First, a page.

Miller’s Magic number 7 (plus or minus 2 of course) is one of the first research findings that many students come across in their study of AS Psychology (AQA Psychology A). Miller is described as a “pioneer of cognitive Psychology” by both the Los Angeles Times (published online August 5th 2012) and the New York Times (published online 1st August 2012) in articles dedicated to the well-known Psychologist.
Miller: revolutionary, pioneer, innovator
The articles mark the recent death of George Miller at the age of 92 (he died on 22 July 2012) and celebrate his achievements as a revolutionary Psychologist. Princeton University (he joined the faculty in 1979) pay their respects by describing him on their website as an “innovator”.
Although trained in Behaviourism, Miller boldly challenged it’s assumptions about the ability to investigate the human mind, a brave move considering that the idea that the brain was an information processor was unheard of and somewhat radical in the 1950’s.
The NY Times article provides an interesting glimpse into his other, lesser known, research interests including language. The LA Times article touches on Miller’s belief that his much quoted work was, presumably frustratingly, frequently misquoted.
In the Psychology classroom
Here are a few ideas for using these articles in the classroom.
Psychology as Science
The words frequently used in the articles to describe George Miller are words that reflect the progressive, innovative nature of knowledge gained through scientific enquiry (e.g. pioneer, innovator). You could use the article to ensure students are aware of the features of science and link these to Psychology as a scientific discipline at an early stage in their study.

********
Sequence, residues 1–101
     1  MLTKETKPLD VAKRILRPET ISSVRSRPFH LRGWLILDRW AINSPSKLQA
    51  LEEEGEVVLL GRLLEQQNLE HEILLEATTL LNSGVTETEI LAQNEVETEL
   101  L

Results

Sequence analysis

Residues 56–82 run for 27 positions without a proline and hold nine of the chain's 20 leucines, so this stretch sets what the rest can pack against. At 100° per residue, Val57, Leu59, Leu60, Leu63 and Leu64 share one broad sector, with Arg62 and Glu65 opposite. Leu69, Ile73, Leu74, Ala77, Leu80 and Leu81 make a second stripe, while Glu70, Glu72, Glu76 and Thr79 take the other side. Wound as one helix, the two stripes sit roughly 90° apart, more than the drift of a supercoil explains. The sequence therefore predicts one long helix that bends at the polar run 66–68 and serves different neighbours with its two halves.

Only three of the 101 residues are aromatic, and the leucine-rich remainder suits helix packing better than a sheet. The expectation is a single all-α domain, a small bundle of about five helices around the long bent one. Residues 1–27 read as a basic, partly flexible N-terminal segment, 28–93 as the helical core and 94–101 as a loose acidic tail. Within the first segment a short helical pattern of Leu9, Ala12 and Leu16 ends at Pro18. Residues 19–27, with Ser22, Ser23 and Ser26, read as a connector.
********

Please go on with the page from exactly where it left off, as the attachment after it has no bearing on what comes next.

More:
Inspire students to dare to be brave and challenge the status quo
Miller, like many well-known scientists, was a pioneer because he dared to speak out and challenge the current way of thinking, even when it was unpopular because he had evidence to support his claims. Miller’s character could be used to model to students the importance of challenge in Science (and society) in order to make progress. Ask students if they think they would have the bravery and resilience to challenge dominant ideas if they were in Miller’s position or a similar situation.
Making sure students don’t miss the point
Students often underestimate the importance of Miller’s findings as they do not understand the context in which Miller was working at the time. Overreliance on one textbook (student and teacher) can mean that students miss the point in some areas of study. The idea we can only remember a small amount of information in STM seems obvious to AS students and I think they are often surprised that Miller’s ideas are heralded as any kind of breakthrough. The importance of the finding is the challenge it represented at the time and the idea that the human mind could be directly measured using experimental techniques which had not been recognised before. It wouldn’t have occurred to anyone prior to Miller to find out how many items we can remember, or think this was of interest, as such enquiries are within the remit of Cognitive Psychology. This background knowledge also helps to make AO2 commentary, regarding the pioneering nature of research, much more meaningful as it can be justified rather than thrown in as a token strength of the research into the capacity of STM.